If a co-owner cannot proceed by "piecemeal" to effect redemption — and he cannot — the converse is equally true, and a purchaser at the tax sale cannot proceed by "piecemeal" to cut off the right of redemption of each part owner. The statute contemplates but one sale of the parcel sold, and but one redemption — a sale of the whole estate in its entirety and a redemption, if any be made, of the estate in its entirety. So that, if the whole estate be owned in common by two or more as cotenants, and if any one of them retains the right to redeem — his right of redemption not having been cut off by a sufficient notice — all may redeem. That is, until the purchaser has complied with the statute as to all the co-owners, the right of redemption remains to all — to those actually served with notice as well as to those not served. ( White v. Shaw, 150 Mich. 270, [114 N.W. 210].)
 A notice of redemption must "set forth," that is, fix, "the time when the purchaser will apply to the tax collector for a deed." The time fixed must be definite and certain. A notice that at an indefinite time the purchaser will apply for a deed fixes no time when the right to redeem will expire. ( California N. Ry. Co. v. Mecartney, 104 Cal. 621, [38 P. 448.].)
Tested by these principles, it must be held that the right of redemption of the co-owners, Robert H. Punter and Rebecca Punter, has not been cut off. If the first notice — the notice served on Rebecca Punter — be regarded as superseded by the second — that served on Robert — then the case stands as though Rebecca Punter had never been served with any notice. And if all co-owners are not served with notice, the time for redemption remains for all. If the first notice be regarded as not superseded by the second, then the two notices must be read together, just as though they were contained in one document. So considered, the notices are in irreconcilable conflict — one giving notice that redemption might be made at any time on or after August 7th, and the other that redemption might be made at any time on or after August 31st. Such a notice does not set forth or fix " the time" when the purchaser will apply for a deed. A notice so indefinite is no notice at all. This conclusion makes it unnecessary to consider whether notice should have been served upon Krug, the purchaser at the foreclosure sale.
If the foregoing is the only fatal objection to plaintiff's title — and our attention has not been called to any other — then, though appellant has not become the owner of the property, she is, nevertheless, still left with the lien of the assessment. Upon filing the copy of the certificate of sale in the tax collector's office, "the lien of the assessment shall vest in the purchaser and is only divested by a redemption of the property as in this act provided." (Section 15.) Had the judgment of the trial court simply adjudged that plaintiff is not the owner, an affirmance of the judgment, under the views above set forth, would be in order. But defendants, in their answer, pray for affirmative relief. In compliance with their prayer for such relief, the judgment adjudges defendant Krug to be the owner by virtue of the sheriff's certificate of sale issued to him upon the foreclosure sale, and defendants Robert and Rebecca Punter to be entitled to redeem from such sale to Krug. In granting affirmative relief to defendants, the trial court should have adjudged that any title that is in Krug, as purchaser at the sheriff's sale, or in Robert and Rebecca Punter, as the original co-owners, is subject and subordinate to plaintiff's lien of assessment, vested in her by reason of the tax collector's sale of the property to her to pay the delinquent street assessment. The findings do not find any fact upon which such a judgment may rest. On the contrary, the court found that "it is not true that plaintiff acquired an interest in said property by reason of a sale by the city tax and license collector." For these reasons the case must be sent back for a new trial.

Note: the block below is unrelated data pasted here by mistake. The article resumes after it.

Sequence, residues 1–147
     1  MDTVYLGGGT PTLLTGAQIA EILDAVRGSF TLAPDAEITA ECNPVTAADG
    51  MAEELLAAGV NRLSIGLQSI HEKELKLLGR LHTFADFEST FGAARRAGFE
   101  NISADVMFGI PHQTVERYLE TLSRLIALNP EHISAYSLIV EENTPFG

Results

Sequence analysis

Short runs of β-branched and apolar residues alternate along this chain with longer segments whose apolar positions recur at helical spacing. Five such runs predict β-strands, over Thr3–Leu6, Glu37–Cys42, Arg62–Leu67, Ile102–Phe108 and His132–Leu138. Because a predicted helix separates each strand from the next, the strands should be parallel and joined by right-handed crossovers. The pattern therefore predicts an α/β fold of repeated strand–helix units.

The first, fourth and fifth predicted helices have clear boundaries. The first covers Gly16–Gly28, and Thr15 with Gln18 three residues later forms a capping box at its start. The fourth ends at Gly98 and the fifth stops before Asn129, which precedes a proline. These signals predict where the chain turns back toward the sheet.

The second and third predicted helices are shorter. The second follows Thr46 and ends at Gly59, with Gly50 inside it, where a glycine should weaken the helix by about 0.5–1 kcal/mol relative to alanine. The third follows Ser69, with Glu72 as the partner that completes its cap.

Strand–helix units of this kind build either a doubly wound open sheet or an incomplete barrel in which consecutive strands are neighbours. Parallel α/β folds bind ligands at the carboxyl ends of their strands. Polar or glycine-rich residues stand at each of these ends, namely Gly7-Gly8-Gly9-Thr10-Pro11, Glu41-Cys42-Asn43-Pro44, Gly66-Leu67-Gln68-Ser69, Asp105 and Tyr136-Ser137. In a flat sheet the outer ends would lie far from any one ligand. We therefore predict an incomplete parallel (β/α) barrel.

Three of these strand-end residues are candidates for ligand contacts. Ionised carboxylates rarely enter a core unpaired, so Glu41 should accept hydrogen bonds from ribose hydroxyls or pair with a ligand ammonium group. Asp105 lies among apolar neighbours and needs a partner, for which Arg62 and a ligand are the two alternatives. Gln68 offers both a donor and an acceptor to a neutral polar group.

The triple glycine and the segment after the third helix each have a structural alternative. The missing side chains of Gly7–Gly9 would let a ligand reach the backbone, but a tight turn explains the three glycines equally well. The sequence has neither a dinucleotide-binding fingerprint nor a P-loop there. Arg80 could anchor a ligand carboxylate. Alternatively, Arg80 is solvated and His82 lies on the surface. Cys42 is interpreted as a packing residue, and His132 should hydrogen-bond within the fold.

Sloane, J., and Thomas, J., concurred.
A petition to have the cause heard in the supreme court, after judgment in the district court of appeal, was denied by the supreme court on June 26, 1919.
Angellotti, C. J., Shaw, J., Wilbur, J., and Olney, J., being all the Justices present, concurred.